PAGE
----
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WTO, others kick for reform in trading system


As the U.S. retreats from prior agreements, the World Trade Organization, International Monetary Fund and World Bank have called for an immediate reform in the multilateral trading system.
 
“The urgent challenge today is to harness the unique strength of the WTO,” the bodies said in a joint report.
 
“The slow pace of reforms since the early 2000s, fundamental changes in a more interconnected modern economy and the risk of trade policy reversals call for urgency to reinvigorate trade policy reforms.”
 
President Donald Trump has harshly criticized globalism in general and questioned America’s participation in multilateral institutions like the WTO during the United Nations General Assembly meeting in New York.
 
Meanwhile, fallout from the escalating U.S.-China trade conflict led the WTO to cut its trade growth forecast this week.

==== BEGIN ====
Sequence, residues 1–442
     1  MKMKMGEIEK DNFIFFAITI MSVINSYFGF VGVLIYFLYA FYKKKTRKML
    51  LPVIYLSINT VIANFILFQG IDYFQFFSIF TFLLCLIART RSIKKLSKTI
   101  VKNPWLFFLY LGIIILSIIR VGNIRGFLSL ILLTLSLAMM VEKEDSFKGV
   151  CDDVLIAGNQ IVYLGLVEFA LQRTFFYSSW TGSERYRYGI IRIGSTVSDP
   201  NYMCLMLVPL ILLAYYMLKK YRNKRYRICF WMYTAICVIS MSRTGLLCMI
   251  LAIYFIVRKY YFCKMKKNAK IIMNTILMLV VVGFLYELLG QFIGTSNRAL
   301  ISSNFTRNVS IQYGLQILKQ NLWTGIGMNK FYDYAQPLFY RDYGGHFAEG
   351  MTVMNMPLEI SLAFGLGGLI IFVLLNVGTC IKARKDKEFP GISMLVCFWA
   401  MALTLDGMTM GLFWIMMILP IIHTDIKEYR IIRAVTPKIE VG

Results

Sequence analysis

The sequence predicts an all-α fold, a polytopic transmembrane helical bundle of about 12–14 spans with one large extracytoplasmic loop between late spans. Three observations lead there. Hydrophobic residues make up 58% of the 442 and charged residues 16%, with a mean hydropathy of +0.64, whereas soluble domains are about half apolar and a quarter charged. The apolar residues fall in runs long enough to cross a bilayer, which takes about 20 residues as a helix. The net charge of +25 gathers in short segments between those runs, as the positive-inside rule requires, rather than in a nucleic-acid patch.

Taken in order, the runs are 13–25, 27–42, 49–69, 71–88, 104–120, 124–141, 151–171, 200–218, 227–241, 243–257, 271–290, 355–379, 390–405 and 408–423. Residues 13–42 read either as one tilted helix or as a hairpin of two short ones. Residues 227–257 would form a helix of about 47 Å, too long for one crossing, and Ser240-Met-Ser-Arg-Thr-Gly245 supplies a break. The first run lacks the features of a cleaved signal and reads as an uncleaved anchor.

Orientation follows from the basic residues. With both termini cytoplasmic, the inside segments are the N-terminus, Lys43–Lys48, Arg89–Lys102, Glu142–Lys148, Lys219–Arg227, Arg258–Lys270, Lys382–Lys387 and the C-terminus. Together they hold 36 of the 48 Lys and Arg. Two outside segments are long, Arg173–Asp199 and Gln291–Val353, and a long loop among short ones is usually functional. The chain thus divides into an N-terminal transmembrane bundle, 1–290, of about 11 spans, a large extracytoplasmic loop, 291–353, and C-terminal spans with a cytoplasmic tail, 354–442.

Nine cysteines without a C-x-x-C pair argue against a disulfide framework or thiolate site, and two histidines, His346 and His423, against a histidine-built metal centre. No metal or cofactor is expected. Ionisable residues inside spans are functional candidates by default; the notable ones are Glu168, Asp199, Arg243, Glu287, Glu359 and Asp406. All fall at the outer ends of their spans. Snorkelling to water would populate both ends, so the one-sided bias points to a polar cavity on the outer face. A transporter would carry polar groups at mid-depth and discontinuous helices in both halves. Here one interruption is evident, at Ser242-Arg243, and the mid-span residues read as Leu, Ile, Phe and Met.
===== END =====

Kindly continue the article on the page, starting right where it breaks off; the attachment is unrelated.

WTO Director-General Roberto Azevedo warned that a full-blown trade war “would knock around 17 per cent off global trade growth, and 1.9 per cent off GDP growth.”
 
The joint paper by the Washington-based groups outlined specific initiatives aimed at modernizing WTO rules.
 
They include a focus on increased market access for e-commerce, more flexible negotiating structures and better transparency of government trade policies.
 
The recommendations echo many goals outlined in various WTO reform proposals offered this month by the European Union and Canada.
 
Recognizing the dire state of the WTO, countries like Canada and the EU are preparing the groundwork to update the organization’s 23-year-old rule book.
 
Though both China and the U.S. endorsed the need for WTO change, they have diverse views on how to do so.
 
The WTO, IMF and World Bank jointly called for new rules to address the expanding role of electronic commerce along with investment and services trade in the 21st century.
 
“The opportunities provided by information technology and other fundamental changes in the global economy are yet to be reflected in modern areas of trade policy,” the report said.